To make matters even more complicated Lo’s ex, Ben is also on the ship and he appears to be hiding something. After doubting his innocence, Lo begins to wonder if he could have bee involved. Could he really have it in him to commit murder? Lo doesn’t trust anyone anymore, not even Ben. Everyone on board is a suspect.
Despite being warned, Lo continues on until she is hit over after chasing after what she thought was the woman in cabin 10. A little while later, she awakens to find herself locked in a tiny space without windows, well below sea level and realizes that no matter how loudly she screamed, no one would ever hear her. She realized that she should have listened. She should have let things go. What were they going to do with her now? Who were they?
Lo spends days in this claustrophobic space, only to realize that she is being held by the ship’s owner’s lover, Carrie. A woman who had been disguising herself as his sick wife Anne, during the trip, and who was responsible for throwing Anne’s body overboard. Turns out Richard Bullmer, was waiting for his wife to die so that he could inherit her fortune. To make matters worst, Richard brainwashed Carrie into believing that he loved her and to do his dirty work. After coming to this realization, Lo decides that her only way out of this alive is to convince Carrie to let her go otherwise Richard would kill her too. She had seen too much.
After being beaten, held captive for days, barely eating and left to wonder what will happen to her she manages to convince Carrie to let her go. Carrie devises an escape plan. The girls will exchange identities and try to make it seem convincing to Richard that Lo fought Carrie and managed to escape. Carrie insists that Lo must hit her hard on the head to make it believable. Lo tries but she’s unable to get herself to do it hard enough so Carrie does it herself. She throws her head into the bed railing causing a lot of blood loss. It’s at this time that Lo realizes the severity of the situation and that this poor girl would need help. Carrie tells Lo to leave her and run quickly because Richard would be returning shortly and run she does. Although Lo feels guilty for leaving Carrie behind, locked up and bleeding in the small cabin, she knows that she has no other choice if she wants to live.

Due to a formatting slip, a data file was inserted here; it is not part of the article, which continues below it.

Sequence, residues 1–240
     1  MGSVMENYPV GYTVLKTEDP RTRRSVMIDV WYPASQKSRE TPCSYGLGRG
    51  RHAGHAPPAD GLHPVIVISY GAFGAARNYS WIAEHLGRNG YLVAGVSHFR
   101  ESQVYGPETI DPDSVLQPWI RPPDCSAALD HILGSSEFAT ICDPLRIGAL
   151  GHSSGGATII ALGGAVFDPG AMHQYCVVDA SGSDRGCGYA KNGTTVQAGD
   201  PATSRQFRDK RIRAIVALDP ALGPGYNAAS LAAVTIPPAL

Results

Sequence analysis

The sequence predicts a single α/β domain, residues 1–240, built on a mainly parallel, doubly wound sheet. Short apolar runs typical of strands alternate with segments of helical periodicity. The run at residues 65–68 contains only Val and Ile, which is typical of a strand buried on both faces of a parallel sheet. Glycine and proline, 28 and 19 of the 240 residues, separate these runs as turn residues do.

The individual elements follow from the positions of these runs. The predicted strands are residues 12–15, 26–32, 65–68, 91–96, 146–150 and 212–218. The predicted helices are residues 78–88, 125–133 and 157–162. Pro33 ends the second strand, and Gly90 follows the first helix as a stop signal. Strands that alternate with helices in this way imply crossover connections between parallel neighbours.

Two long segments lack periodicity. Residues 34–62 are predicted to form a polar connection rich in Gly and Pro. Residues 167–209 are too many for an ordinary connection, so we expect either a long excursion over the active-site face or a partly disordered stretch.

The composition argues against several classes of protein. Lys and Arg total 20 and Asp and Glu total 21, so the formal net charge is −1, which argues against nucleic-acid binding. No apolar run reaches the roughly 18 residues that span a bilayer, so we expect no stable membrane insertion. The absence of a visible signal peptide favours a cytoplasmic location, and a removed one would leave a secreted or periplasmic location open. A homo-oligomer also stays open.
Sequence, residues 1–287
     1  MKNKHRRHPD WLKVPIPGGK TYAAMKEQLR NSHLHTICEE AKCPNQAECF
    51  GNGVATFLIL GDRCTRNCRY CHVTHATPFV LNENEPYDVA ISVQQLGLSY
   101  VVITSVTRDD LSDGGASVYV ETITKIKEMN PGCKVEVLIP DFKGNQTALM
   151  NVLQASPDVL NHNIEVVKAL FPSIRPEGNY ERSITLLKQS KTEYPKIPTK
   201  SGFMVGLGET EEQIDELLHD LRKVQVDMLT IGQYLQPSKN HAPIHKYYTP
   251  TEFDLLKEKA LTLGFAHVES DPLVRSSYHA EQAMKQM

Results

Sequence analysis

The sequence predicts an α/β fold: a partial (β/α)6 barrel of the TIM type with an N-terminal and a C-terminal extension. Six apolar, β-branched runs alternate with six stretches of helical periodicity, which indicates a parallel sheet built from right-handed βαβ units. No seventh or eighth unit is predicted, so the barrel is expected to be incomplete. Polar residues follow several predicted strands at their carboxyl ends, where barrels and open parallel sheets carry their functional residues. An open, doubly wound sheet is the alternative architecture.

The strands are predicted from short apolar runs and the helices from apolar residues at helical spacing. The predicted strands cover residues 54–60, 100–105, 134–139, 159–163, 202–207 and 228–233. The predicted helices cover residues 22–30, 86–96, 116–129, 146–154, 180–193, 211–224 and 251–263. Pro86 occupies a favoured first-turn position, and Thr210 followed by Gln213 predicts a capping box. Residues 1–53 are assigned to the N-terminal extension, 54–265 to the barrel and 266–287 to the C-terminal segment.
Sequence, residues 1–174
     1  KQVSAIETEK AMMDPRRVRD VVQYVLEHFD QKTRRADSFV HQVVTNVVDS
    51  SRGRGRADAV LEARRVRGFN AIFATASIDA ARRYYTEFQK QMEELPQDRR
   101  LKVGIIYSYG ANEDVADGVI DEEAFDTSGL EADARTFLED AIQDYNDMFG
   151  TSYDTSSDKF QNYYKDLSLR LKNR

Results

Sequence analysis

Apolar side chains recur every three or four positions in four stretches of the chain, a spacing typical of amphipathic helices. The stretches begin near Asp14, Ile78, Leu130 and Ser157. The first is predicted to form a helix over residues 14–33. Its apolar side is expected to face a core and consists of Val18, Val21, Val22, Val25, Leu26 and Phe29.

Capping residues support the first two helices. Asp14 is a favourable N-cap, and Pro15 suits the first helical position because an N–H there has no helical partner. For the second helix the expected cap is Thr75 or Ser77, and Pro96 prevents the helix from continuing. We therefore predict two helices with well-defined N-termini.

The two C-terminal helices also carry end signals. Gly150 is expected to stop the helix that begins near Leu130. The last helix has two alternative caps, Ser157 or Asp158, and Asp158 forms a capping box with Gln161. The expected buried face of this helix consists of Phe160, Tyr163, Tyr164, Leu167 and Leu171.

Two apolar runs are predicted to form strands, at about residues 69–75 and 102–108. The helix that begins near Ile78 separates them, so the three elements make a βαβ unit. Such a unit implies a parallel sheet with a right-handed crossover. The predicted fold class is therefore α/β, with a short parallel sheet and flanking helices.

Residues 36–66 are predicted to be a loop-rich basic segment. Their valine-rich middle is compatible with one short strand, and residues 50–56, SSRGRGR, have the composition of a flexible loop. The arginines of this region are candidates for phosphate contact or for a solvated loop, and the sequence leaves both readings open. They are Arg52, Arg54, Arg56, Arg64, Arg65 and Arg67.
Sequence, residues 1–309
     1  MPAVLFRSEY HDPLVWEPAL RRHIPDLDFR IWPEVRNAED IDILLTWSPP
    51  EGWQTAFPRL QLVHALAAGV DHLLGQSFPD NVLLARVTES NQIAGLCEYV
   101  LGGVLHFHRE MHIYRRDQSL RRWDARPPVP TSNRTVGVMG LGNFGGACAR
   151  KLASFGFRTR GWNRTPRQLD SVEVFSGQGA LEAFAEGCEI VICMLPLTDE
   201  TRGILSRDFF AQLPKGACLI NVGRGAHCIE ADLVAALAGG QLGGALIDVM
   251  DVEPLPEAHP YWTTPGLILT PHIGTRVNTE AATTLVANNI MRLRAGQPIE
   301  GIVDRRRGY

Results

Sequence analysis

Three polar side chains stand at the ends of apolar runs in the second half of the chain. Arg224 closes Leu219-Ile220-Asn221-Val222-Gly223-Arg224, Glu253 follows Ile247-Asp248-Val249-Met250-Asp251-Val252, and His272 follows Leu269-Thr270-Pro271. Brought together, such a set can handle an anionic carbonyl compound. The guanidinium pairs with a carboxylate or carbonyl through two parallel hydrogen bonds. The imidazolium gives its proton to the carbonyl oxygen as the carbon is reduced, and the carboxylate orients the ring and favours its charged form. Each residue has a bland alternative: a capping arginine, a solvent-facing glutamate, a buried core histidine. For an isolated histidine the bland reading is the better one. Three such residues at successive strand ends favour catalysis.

After making a dramatic escape off the ship into the cold sea and ashore into a bed and breakfast Lo quickly realizes that the owners know Mr. and Mrs. Bullmer well and that they have notified the cruise ship of her arrival. Lo has no choice but to run again. She finally ends up crawling into a barn and, to her surprise, she falls asleep for a day and a half. Lucky for her, she is found by a nice old man and his dog who manage to finally bring her home to safety.
It isn’t quite clear how she makes it home but she does and both the break and enter and her experience on the cruise ship make her realize what is most important in her life. Being with her boyfriend and moving with him to New York to pursue both of their careers.
So, what did I think? Well, I give this book a 6.5/10. Although it kept my interest and I really wanted to know if Lo was having a mental breakdown or if there was really a woman in cabin 10, I didn’t love this book. There were a few captivating events but they weren’t enough to keep my attention. I also felt that I was being rushed through the main events and that they could have been explored a bit more. I did find it interesting how Ruth Ware incorporated Lo’s anxiety throughout this book. She successfully managed to make me understand what it feels like to have an anxiety attack. Lastly, I think she did a great job describing the solitude one would feel being held captive in a small space, alone, without a clock or any idea of who was keeping you hostage. This was very scary.
For those of you who have read this, please let me know what you thought of this book and if you have any suggestions for my next read I would love to hear them.